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Kevin Magnussen and Romain Grosjean
Kevin Magnussen and Romain Grosjean

Haas F1 Team is ready to delve into rural Rhineland as Formula 1 ends a seven-year absence from Germany’s Nürburgring for the Eifel Grand Prix.

The Nürburgring is synonymous in motorsport circles courtesy of the Nordschleife circuit that winds its way through the Eifel Mountains. The 22.8km Nordschleife circuit, featuring over 100 turns, was regarded as one of motorsport’s greatest challenges and its danger was apparent – with Sir Jackie Stewart giving it the nickname ‘The Green Hell’. The near-fatal accident that befell Niki Lauda in 1976 brought an end to Formula 1 action at the Nordschleife and when the championship returned to the calendar in 1984 it was on the GP-Strecke, the layout of which has remained unchanged since 2002, when an additional sequence of corners was added to the opening sector of the lap.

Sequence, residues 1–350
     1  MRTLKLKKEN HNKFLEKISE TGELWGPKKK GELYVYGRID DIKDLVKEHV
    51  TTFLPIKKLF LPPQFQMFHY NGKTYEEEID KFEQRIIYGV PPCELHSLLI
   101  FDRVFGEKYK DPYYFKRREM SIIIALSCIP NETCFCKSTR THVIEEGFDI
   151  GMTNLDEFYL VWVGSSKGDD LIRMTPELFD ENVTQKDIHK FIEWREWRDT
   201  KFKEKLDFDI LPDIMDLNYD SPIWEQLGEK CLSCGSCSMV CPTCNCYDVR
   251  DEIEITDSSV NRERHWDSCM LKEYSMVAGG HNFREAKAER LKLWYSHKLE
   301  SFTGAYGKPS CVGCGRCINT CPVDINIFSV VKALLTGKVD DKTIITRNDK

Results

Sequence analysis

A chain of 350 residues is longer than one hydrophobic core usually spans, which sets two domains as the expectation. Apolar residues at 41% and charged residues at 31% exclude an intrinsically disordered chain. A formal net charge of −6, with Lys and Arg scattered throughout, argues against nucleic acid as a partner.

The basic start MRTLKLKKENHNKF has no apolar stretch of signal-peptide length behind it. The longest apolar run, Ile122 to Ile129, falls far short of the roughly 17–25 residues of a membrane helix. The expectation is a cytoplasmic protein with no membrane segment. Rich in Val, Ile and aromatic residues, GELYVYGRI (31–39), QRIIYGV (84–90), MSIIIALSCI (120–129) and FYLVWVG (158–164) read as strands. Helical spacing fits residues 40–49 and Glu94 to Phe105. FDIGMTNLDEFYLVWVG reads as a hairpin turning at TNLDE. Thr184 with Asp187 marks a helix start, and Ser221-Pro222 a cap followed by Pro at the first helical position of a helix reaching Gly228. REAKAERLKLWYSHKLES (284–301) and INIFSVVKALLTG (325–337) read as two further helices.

Formula 1 events at the Nürburgring have previously been called the German Grand Prix, the European Grand Prix and even the Luxembourg Grand Prix, and for 2020 it has another name – the Eifel Grand Prix, named after the mountain range in which the circuit is located. Those mountains can have an influence on the weather. Even in the height of summer sudden downpours and chilly conditions can be expected – and with Formula 1 visiting Nürburgring in the fall the paddock is braced for potentially cold and changeable conditions, bringing another challenge into the unusual 2020 season. 

The Nürburgring has not featured on Formula 1’s calendar since 2013 but that event was a memorable one for Romain Grosjean, who scored a podium finish, joining World Champions Sebastian Vettel and Kimi Raikkonen in spraying the champagne. Kevin Magnussen has never entered a Nürburgring grand prix but has mounted its podium, winning races in Formula Renault 2.0 and German Formula 3 on his way to Formula 1.